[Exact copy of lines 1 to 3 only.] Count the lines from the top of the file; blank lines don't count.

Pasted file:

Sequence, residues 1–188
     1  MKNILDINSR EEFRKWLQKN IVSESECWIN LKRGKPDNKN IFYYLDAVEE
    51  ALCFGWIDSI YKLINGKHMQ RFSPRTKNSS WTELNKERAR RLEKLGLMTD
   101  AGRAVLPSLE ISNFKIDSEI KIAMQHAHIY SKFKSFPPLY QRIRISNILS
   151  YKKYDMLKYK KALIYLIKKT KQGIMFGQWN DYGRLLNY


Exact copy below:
Sequence, residues 1–188
     1  MKNILDINSR EEFRKWLQKN IVSESECWIN LKRGKPDNKN IFYYLDAVEE
    51  ALCFGWIDSI YKLINGKHMQ RFSPRTKNSS WTELNKERAR RLEKLGLMTD